How? The IRV method, as used in North Carolina, permits voters to rank up to three of the candidates by order of preference, first, second, and third. If no candidate receives a majority (or other defined threshold, such as 40 percent) of the first-choice votes, the two candidates with the highest number of first-choice votes advance to a second round of counting. Let’s call them Candidate Alpha and Candidate Beta. In that second round, every ballot is reviewed on which the voter did not mark either Alpha or Beta as the voter’s first choice. Of those, every ballot on which Alpha is marked as second choice is added to Alpha’s total and every ballot on which Beta is marked second choice is added to Beta’s total. For ballots on which neither Alpha nor Beta is marked as the second choice, then every ballot on which Alpha is marked as the third choice is added to Alpha’s total and every ballot on which Beta is marked as third choice is added to Beta’s total. The candidate with the higher total is declared the winner.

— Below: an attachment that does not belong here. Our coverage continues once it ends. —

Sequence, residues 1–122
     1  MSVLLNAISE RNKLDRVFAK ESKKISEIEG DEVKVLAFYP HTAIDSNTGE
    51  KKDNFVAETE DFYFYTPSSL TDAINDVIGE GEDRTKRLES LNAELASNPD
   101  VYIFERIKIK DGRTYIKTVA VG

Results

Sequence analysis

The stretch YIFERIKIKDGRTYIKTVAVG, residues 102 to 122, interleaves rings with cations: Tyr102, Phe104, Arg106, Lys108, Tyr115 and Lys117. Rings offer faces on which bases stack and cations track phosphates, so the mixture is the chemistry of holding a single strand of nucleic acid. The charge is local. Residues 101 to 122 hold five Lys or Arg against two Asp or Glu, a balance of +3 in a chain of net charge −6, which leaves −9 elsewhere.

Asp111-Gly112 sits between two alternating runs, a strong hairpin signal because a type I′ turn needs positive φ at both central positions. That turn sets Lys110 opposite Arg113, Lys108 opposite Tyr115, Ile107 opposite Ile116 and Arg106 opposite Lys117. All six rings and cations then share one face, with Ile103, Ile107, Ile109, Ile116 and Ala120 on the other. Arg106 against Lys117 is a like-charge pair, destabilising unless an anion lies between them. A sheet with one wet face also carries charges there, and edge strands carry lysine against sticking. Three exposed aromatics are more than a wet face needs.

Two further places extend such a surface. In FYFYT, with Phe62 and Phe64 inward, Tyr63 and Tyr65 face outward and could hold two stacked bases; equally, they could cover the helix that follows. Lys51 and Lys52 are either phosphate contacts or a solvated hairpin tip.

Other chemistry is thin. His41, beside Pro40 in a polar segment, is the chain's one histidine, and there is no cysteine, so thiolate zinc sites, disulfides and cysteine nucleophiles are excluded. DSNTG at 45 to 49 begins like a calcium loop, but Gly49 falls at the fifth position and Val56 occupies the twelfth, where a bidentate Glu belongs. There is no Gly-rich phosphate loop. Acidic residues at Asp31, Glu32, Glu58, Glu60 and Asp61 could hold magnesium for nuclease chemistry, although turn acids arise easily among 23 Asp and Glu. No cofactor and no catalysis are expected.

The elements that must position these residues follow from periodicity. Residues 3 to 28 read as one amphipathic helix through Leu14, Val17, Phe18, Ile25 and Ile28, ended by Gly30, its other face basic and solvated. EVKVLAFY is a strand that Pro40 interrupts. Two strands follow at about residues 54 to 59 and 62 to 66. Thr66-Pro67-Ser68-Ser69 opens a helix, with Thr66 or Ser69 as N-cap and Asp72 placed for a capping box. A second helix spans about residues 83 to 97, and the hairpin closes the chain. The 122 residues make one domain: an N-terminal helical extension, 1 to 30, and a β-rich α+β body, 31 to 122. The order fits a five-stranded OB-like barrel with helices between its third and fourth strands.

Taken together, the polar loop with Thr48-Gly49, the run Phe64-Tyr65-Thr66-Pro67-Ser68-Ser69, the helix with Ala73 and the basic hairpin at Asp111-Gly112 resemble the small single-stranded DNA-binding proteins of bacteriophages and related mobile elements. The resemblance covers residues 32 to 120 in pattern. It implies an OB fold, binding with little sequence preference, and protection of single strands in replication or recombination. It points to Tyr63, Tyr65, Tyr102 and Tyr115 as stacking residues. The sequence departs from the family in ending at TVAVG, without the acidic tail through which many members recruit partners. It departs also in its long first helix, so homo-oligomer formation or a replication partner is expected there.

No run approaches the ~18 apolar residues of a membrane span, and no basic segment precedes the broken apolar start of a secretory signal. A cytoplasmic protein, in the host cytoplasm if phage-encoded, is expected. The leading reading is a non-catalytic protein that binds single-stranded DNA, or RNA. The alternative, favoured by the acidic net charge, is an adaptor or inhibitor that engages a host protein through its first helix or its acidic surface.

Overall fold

IRV voting means that in a partisan primary situation, the second primary is built-in. In a non-partisan primary situation, the general election is built-in. In each case, the number of times that the polls are opened to voters is reduced by one.
While the IRV idea has been around for a long time, it had never been used in North Carolina (or anywhere else in the country), except on a very local scale. Then, in 2004, an unusual election spurred the General Assembly to adopt it as an election tool, leading to our 2010 experience.